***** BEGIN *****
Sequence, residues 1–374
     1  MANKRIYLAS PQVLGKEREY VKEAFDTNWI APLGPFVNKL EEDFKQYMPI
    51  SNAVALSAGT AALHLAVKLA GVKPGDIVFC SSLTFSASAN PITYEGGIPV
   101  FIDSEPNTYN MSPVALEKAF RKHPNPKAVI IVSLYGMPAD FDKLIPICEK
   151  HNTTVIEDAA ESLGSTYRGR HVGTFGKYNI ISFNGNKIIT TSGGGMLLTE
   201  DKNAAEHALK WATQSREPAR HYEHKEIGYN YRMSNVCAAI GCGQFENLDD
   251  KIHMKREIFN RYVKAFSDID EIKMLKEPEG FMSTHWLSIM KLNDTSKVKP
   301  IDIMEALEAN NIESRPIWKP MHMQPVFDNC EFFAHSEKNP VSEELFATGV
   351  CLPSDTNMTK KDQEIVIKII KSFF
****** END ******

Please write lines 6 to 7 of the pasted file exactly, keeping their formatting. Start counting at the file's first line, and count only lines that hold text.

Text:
   201  DKNAAEHALK WATQSREPAR HYEHKEIGYN YRMSNVCAAI GCGQFENLDD
   251  KIHMKREIFN RYVKAFSDID EIKMLKEPEG FMSTHWLSIM KLNDTSKVKP